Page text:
Bigger is better. You’ve heard the term before, and you’ve probably applied it to multiple areas of your life. But does the saying hold true for your air conditioning system as well? Unless your home currently has an undersized AC that is struggling to meet the tonnage needed, you’re probably better off finding out exactly what size AC you need, rather than simply upgrading to the next largest size.
Many years ago when central AC became more prevalent, most of the houses that it was installed in weren’t very energy efficient. They were drafty, often had poor insulation, and single pane windows. As a result, a larger air conditioner was needed to keep up and ensure the house stayed cool.
Times have changed, however, and houses continue to become much more energy efficient. People are sealing up air gaps, putting in energy efficient windows, and adding insulation to their homes. They’re also repairing old and faulty ductwork that could be losing energy as the air travels along it.
Because of this, air conditioners no longer need to be so large. (Installing an AC unit too large for a space is known as “overtonning”.)
While you may think that this isn’t a problem, it actually creates a situation where the air conditioner is only working at roughly 60% of its capacity, but using more energy and wearing out faster than an air conditioner that is correctly sized to the house. If your air conditioner is too large, you’re going to pay more for energy usage each month, more money in maintenance bills, and the AC is probably going to wear out faster and require replacement earlier than a smaller unit.
You shouldn’t go out and purchase a new unit that matches the size of the old one, and you certainly don’t want to upgrade to the next largest size if you don’t feel the old one is working well enough. How do you find the right size?
By having your heat load calculated by a trained professional.
NATE certified professionals can measure your home, including the heights of your ceilings, and take into consideration things like how much sun your home gets, and how energy efficient it is. They can then give you the exact amount of tonnage your home requires to keep it cool – not too much or too little.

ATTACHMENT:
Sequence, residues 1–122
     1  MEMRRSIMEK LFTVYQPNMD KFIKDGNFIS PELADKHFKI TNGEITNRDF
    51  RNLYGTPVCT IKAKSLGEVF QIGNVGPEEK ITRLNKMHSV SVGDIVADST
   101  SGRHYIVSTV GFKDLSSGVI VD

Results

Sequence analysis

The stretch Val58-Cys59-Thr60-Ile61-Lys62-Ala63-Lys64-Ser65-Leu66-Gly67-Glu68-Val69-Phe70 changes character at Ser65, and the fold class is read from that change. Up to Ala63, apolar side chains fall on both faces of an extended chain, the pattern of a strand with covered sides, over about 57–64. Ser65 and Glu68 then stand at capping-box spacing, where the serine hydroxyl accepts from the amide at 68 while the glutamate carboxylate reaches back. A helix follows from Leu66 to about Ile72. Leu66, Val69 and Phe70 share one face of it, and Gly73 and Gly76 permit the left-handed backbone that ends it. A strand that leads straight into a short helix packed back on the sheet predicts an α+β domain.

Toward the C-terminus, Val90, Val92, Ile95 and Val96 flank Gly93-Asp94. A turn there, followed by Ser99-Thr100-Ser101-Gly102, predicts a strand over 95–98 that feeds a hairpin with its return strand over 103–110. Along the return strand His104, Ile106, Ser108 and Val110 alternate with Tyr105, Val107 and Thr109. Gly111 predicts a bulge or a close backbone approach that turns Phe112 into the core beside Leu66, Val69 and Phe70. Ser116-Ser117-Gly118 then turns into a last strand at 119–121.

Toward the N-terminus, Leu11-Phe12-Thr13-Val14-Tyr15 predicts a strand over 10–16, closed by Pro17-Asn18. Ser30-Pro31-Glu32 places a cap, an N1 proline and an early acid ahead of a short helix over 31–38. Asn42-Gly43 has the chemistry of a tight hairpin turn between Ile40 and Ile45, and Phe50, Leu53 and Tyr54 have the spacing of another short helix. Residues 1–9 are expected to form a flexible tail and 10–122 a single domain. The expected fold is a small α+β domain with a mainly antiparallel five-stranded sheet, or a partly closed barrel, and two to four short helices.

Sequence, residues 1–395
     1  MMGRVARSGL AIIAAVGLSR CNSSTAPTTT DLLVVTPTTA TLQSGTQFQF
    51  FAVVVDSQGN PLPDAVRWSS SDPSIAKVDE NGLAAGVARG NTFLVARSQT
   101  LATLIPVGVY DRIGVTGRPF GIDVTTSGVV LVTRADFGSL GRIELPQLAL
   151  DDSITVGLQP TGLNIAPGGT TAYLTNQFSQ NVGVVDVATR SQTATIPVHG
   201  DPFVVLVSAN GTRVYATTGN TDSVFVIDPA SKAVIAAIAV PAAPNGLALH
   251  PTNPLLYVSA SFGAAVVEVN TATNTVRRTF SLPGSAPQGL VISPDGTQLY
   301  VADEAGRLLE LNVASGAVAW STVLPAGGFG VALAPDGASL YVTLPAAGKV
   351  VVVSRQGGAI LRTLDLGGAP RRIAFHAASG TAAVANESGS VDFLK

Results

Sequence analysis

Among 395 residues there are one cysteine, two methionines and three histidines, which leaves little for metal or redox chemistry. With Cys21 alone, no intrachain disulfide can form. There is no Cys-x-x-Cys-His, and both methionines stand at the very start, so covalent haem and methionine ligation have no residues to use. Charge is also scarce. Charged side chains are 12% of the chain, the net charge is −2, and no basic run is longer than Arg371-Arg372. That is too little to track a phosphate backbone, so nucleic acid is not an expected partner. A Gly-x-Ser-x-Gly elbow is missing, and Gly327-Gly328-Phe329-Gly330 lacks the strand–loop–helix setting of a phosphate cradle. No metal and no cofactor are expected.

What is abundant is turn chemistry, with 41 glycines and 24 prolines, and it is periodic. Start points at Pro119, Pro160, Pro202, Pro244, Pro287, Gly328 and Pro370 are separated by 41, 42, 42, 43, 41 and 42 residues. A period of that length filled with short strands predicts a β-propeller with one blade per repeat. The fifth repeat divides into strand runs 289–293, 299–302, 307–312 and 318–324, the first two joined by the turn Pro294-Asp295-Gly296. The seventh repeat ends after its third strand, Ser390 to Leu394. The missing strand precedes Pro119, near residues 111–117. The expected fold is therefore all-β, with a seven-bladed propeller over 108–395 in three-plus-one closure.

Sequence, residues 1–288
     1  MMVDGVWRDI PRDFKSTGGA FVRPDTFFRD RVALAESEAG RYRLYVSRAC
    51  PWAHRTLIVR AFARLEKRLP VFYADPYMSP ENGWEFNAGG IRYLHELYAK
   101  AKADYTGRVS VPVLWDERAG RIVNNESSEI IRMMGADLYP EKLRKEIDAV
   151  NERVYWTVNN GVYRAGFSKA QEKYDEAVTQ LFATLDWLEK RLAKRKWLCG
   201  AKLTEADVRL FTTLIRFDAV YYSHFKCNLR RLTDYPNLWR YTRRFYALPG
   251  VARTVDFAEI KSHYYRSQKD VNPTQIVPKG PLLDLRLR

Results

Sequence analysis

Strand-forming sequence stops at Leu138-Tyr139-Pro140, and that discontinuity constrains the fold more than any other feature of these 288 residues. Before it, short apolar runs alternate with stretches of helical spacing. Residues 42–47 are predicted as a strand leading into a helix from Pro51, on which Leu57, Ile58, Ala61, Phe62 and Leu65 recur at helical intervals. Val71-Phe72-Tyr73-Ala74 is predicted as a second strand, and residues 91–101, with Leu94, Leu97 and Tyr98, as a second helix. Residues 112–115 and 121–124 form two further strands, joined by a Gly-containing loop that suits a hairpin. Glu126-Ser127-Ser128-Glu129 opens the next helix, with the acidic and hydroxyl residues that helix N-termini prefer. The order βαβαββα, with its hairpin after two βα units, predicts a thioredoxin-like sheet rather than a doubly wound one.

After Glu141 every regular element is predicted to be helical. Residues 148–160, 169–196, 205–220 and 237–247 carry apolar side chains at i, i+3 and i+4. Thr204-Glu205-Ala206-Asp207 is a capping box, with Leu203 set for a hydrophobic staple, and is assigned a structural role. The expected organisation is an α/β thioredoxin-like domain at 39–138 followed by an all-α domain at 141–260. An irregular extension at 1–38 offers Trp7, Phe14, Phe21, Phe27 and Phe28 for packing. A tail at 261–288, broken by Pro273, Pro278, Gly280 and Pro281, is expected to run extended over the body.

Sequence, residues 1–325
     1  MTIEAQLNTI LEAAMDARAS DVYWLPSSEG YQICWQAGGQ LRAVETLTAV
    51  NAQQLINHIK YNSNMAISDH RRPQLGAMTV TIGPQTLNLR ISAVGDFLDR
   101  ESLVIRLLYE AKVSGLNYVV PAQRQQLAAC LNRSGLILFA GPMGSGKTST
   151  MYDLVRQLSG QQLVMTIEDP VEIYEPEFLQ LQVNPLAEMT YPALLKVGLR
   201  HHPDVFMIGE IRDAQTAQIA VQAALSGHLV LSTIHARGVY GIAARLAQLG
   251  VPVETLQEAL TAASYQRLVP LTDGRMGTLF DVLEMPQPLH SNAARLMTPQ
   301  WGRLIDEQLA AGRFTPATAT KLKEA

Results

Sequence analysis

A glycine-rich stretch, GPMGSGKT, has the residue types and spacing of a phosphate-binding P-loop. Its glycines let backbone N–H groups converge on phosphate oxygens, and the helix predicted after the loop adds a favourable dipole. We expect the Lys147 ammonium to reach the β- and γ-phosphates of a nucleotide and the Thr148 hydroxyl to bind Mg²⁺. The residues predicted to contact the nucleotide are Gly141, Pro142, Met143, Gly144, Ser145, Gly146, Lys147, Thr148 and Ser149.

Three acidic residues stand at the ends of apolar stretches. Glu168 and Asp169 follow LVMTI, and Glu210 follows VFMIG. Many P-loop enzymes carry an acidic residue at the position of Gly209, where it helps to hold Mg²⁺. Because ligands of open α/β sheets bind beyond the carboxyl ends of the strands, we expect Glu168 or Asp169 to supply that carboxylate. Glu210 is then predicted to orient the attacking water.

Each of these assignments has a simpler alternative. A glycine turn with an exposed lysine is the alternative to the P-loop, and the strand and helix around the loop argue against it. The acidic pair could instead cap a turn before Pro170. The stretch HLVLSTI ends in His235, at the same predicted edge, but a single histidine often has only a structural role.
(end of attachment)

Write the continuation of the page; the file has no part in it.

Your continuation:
The end result is a home that stays comfortable, and doesn’t elevate your energy bills each month.
If you think that you need to increase the size of your unit because it isn’t keeping your home cool enough, there are a few other things that you may want to consider first.
Poor air gap is responsible for the loss of as much as 30% of your home’s inside air. That means that 30% of the air that your air conditioner is cooling could be lost to the outdoors. If this is the case, getting a bigger unit won’t do anything but leave you with higher bills. Instead, seal up your home to make your current unit 30% more effective.
Rusty, dirty, or leaky air ducts can result in a 20% loss of the air that leaves your air conditioner. This makes your air conditioner work harder, and keeps your home from getting as cool as you’d like. Making sure your ducts are regularly cleaned, and ensuring that they’re in good condition can help your current unit work more efficiently.
Your air filter helps keep particulates out of your air conditioner that could hinder the way it works. The filter needs to be changed every one to three months to ensure that air can continue to flow through it unimpeded.
If you haven’t changed your filter recently, dust, debris, and pet hair could be clogging it up, which makes your air conditioner work harder to pull air in. This lowers its efficiency and effectiveness —which could have you thinking you need a bigger unit, when you actually just need a new filter.
The best way to ensure that you have the right sized AC unit for your home is to schedule a consultation with a NATE-trained technician who can evaluate your home and let you know the best size for the job. You may be surprised to find that you need a smaller unit than you currently have to cool your home efficiently.
We want to help you learn about about all things air conditioning and heating! Have any questions or want to see us write about something? Give us a call, chat, or email and we'll do our best to help you out.